By reporter Steven Smalley
When is a one way street not a one way street? Upset residents on 24th Avenue West grapple with the question as homemade traffic signs appear on utility poles telling motorists they?re going the wrong way, they?re being photographed, and to slow down. Some neighbors take offense: “I feel like some vigilante is watching me, waiting for me to do something wrong. I?m really fearful about what their next step is,? says Harry Proctor, a?homeowner on 24th for the past nine years. ?Some community group has put some personal signage up. They say they?re representing a group no one has ever heard of and no one knows about…obviously they don?t know the law. This is not a one way street,? he insists. Proctor, a retired law enforcement official, explains how the street off of Manor Place West was marked with a ‘Do Not Enter’ sign in response to a neighborhood gathering with Seattle Department of Transportation officials 12 years ago. At that time, cars were converting 24th from a quiet side street to a busy shortcut on the way to Lawton Elementary. The neighborhood collectively sought action with the city, had a meeting, and got their decree. Although, according to police, the ‘Do Not Enter’ sign doesn?t make the street a one way. ?It?s not a one way street. We?ve verified that with the Seattle police department,? declares Alan Hollinger, another resident on 24th. Moreover, notes placed on cars, particularly one put on the windshield of an older woman who lives alone, have generated fear, he says. ?Is somebody sitting in the bushes with a camera? It makes them feel threatened,? Hollinger says. The note found on the woman?s car provided to Magnolia Voice reads as follows:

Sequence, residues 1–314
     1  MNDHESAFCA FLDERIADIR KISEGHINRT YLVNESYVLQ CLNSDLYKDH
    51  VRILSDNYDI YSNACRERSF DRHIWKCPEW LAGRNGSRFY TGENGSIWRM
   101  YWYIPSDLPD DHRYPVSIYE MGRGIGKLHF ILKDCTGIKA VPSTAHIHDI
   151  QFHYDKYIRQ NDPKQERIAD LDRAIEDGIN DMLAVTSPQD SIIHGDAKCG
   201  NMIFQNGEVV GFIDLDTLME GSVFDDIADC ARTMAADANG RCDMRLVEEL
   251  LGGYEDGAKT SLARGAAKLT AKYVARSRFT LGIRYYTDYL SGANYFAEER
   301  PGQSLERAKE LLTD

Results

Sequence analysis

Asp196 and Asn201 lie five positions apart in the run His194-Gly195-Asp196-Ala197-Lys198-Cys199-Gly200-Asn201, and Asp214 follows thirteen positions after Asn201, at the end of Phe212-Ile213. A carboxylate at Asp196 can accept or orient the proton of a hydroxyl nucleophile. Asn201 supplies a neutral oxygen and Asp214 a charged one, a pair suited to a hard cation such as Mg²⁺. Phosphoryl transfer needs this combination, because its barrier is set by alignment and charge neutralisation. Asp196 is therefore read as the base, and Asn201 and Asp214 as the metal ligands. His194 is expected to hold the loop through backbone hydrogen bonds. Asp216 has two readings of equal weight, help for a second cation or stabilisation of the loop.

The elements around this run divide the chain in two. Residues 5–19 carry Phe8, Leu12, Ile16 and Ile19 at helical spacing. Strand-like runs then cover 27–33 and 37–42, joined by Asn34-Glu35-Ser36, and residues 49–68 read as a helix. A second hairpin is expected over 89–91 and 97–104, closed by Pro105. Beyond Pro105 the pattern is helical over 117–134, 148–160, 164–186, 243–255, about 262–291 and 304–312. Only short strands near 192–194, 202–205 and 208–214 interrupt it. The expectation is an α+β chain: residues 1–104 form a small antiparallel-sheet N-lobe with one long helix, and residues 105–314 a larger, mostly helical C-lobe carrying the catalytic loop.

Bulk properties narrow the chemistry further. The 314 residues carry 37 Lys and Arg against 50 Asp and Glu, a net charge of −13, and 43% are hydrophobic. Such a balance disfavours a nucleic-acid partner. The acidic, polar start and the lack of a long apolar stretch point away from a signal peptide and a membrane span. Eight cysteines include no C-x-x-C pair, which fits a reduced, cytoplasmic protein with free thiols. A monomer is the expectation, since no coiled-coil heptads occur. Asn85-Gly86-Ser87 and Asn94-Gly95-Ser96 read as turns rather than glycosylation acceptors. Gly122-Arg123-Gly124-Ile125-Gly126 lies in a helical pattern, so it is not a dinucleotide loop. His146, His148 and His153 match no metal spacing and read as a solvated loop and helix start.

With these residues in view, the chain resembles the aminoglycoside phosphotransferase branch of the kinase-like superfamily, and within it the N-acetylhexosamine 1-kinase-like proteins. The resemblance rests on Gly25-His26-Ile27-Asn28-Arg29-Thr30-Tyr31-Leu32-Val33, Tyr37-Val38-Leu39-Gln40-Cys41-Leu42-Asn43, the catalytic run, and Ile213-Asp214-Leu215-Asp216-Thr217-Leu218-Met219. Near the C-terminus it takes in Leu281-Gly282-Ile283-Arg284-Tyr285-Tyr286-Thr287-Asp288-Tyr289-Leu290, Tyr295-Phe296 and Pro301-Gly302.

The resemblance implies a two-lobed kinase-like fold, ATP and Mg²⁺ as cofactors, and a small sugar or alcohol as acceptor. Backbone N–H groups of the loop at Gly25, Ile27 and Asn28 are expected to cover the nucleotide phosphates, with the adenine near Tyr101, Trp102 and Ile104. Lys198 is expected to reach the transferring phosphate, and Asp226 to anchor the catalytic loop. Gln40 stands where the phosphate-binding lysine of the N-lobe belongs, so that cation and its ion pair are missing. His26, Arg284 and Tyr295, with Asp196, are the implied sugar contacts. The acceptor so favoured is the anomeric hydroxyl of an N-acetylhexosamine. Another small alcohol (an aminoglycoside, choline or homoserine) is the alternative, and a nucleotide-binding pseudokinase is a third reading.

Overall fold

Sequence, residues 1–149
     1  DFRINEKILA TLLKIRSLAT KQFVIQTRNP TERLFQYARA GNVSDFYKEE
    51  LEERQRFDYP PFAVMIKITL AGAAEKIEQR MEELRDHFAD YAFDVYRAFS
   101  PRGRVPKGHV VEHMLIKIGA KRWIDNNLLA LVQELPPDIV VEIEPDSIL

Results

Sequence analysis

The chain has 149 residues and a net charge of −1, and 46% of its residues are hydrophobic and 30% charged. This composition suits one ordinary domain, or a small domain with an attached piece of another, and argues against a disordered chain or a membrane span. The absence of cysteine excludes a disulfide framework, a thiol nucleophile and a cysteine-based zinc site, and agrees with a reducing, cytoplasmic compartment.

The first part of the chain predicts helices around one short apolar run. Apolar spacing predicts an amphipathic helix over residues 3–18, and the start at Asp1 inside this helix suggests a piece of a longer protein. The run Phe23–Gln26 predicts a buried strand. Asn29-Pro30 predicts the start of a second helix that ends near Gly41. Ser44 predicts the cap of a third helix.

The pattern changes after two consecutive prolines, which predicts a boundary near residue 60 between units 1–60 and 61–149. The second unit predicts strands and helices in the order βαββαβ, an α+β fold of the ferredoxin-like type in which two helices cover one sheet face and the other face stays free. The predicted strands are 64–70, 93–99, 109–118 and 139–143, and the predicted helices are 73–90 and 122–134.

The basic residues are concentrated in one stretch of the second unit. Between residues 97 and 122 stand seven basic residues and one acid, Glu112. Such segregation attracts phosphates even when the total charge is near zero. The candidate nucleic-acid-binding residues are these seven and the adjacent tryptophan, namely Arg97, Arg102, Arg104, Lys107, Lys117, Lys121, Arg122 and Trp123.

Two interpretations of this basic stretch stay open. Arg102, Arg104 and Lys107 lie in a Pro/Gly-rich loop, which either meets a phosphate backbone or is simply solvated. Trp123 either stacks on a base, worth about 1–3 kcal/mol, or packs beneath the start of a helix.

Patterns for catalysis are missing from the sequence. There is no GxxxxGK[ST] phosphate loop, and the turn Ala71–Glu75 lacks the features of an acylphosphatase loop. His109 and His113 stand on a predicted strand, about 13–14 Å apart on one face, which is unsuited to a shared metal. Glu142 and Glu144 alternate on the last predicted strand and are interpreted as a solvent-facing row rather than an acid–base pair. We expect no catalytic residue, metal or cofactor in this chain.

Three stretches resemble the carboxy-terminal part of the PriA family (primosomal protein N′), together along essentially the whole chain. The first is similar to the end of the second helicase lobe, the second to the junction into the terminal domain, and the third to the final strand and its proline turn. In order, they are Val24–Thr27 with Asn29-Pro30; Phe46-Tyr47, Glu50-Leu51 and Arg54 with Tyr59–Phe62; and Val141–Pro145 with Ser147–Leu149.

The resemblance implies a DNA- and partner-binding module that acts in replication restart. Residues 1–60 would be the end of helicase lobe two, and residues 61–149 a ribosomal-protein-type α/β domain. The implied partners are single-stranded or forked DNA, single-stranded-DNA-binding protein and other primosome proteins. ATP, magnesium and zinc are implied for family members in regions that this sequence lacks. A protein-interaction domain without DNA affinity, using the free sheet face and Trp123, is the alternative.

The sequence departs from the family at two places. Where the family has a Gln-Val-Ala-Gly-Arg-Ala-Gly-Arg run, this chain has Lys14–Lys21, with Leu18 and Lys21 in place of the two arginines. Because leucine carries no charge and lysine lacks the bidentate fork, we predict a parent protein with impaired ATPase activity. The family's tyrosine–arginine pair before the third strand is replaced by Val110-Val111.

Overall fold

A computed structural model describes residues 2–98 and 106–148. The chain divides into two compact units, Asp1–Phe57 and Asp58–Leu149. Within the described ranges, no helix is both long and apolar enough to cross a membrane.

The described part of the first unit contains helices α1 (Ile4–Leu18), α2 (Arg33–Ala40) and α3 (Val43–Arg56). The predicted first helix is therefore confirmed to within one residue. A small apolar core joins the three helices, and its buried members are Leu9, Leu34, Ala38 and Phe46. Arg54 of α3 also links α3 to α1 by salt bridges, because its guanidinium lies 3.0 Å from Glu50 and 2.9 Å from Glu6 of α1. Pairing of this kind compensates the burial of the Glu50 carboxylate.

NEIGHBORHOOD BLOCK CRIME WATCH GROUPYour car has been observed knocking down garbage cans and driving against a one way street and blocking driveways and has been reported to document your actions on this street. It is advised that your behavior has been noted and observed by this neighborhood group that is against your behavior and actions in the community and that you are now put on notice that we have reported you.
?Telling people they were being watched and their actions were being documented,? Hollinger says, ?You feel like it?s an invasion of your privacy.? In addition to the ‘Slow Down’ and ‘One Way’ directives, homemade notices placed under the faded ‘Do Not Enter’ signs read, ‘Photo Enforced,’ although no one has seen any cameras.
Finally, in answer to the question, ?What?s next??, ?first Proctor replied, ?The police said the signs were illegal and we could take them down if we wish. He gave us a case number.? Then Hollinger suggested, ?If something more has to be done, I would say, ?Let?s go for it,? but do it on the community level.?? As of this post, the homemade signs are still attached to the poles.